(Post updated at 10 p.m. ET)

President Obama said Saturday he had decided that the U.S. should take military action against Syria in response to its use of chemical weapons, but that he will seek a congressional authorization for the action that could come "tomorrow, or next week or one month from now."

Speaking from the Rose Garden, the president said he believed that he had the authority to act without Congress, but said, "I know the country will be stronger if we take this course."

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The Two-Way
8:30 am
Sat August 31, 2013

15 Killed In China Ammonia Leak

Police officers walk out from the main gate of Weng's Cold Storage Industrial Co. Ltd. at the outskirts of Shanghai, China, on Saturday.
Eugene Hoshiko Associated Press

Originally published on Sat August 31, 2013 12:20 pm

A liquid ammonia leak at an industrial refrigeration unit in Shanghai has killed at least 15 people and left six others in critical condition.

NPR's Frank Langfitt says the leak occurred before noon on Saturday at a cold storage facility in the city's northern Baoshan District, which handles seafood.

Besides the six in critical condition, 20 others were injured, according to the Shanghai government.

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The Two-Way
7:29 am
Sat August 31, 2013

Teen Gets Three Years In Gang Rape, Murder Of Indian Woman

A protester in India chants slogans as she braces herself against the spray fired from police water canons during a protest in December sparked by the gang rape of a 23-year-old paramedical student.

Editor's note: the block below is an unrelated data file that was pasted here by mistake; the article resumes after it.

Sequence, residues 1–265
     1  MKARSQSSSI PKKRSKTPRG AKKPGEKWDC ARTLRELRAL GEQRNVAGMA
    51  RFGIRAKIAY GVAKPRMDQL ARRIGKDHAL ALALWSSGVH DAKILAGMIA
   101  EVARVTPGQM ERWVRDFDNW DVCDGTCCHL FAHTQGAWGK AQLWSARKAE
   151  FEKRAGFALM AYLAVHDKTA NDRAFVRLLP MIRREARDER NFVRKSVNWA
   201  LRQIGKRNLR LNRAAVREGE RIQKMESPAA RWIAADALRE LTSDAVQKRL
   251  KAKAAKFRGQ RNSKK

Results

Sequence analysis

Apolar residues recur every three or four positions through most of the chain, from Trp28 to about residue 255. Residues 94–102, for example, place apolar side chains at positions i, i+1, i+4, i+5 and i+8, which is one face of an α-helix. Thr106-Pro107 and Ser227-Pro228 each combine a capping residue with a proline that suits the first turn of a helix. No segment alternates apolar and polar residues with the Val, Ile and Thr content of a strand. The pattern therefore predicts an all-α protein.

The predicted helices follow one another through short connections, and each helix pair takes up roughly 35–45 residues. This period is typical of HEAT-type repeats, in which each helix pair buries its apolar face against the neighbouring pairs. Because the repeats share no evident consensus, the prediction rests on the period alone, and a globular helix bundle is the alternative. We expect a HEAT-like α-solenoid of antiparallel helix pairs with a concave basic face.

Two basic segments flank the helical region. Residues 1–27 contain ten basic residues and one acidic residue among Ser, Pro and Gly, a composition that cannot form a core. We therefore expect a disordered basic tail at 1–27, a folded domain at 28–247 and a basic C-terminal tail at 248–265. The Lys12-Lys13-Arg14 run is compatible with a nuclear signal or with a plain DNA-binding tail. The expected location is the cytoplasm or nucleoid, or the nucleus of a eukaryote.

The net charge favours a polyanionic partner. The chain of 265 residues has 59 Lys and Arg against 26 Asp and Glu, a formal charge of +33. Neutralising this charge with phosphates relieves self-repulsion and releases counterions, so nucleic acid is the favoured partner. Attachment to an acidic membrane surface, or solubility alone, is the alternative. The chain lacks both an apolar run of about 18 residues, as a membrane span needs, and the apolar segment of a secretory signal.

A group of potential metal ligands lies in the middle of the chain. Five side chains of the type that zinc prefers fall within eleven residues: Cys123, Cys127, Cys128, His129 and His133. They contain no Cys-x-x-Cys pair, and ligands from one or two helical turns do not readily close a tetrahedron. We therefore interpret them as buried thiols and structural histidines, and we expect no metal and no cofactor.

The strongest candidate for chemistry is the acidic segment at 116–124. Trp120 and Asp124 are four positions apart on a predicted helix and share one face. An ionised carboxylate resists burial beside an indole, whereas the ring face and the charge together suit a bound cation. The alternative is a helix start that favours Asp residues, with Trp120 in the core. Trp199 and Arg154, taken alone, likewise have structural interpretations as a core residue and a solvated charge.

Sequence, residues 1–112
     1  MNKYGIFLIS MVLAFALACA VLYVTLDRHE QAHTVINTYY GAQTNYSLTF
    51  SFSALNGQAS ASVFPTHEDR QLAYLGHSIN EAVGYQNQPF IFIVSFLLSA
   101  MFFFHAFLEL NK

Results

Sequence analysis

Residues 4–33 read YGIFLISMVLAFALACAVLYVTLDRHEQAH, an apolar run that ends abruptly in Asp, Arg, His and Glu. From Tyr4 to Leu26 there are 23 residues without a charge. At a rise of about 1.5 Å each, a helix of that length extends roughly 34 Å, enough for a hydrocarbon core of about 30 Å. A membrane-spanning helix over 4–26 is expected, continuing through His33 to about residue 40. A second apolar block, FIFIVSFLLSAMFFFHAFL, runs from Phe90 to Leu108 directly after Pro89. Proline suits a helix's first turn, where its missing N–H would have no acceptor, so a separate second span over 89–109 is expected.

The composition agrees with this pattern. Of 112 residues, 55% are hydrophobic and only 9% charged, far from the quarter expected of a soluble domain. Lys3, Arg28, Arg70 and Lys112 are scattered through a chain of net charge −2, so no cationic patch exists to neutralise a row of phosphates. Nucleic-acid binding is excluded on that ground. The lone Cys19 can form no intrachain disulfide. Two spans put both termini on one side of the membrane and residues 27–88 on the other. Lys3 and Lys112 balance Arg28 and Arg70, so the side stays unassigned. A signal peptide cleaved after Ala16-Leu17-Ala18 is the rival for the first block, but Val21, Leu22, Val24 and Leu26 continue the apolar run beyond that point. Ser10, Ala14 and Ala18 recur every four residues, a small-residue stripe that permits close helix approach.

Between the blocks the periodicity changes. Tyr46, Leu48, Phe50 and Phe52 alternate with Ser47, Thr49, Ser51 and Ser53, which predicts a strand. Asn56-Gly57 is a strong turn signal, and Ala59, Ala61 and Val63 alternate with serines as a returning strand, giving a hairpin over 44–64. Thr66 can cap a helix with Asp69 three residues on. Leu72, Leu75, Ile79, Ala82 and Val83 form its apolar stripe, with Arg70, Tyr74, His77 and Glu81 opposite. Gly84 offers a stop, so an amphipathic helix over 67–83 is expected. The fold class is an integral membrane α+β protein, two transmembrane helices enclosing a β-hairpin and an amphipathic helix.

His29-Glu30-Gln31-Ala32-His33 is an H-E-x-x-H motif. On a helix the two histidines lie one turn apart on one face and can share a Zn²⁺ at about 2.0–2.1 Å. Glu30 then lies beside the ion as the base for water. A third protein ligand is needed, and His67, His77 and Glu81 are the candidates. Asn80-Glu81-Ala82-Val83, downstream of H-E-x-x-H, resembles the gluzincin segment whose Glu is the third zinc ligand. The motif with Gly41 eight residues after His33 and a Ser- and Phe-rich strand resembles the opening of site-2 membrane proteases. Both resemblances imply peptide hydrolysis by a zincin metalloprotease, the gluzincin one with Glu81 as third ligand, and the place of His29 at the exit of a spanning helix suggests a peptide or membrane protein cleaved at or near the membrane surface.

Daniel Berehulak Getty Images

Originally published on Sat August 31, 2013 12:43 pm

An Indian teen has been sentenced to three years in juvenile detention for the gang-rape of a 23-year-old woman who later died in the hospital, the first verdict in a case that has sparked international outrage over the brutal crime.

Police say the convicted 18-year-old was one of five men who lured the 23-year-old victim and her male friend onto a bus in the capital, New Delhi, where she was repeatedly raped and beaten in December.

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The Two-Way
6:49 am
Sat August 31, 2013

Mandela Remains In 'Critical But Stable Condition'

In an image taken from video, South African President Jacob Zuma, left, sits with the ailing anti-apartheid icon Nelson Madela in April.
Associated Press

Originally published on Sat August 31, 2013 12:26 pm

Nelson Mandela is still in the hospital, despite reports to the contrary.

CNN and the BBC, quoting sources close to Mandela, reported Saturday that the ailing 95-year-old anti-apartheid leader and former South African president had returned to his Johannesburg home after a long hospitalization.

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The Two-Way
5:59 am
Sat August 31, 2013

Putin Calls Claims Of Syrian Chemical Attack 'Nonsense'

An image grab taken from a video posted by Syrian activists earlier this week allegedly showing a U.N. inspector listening to the testimony of a man in the Damascus suburb of Moadamiyet al-Sham.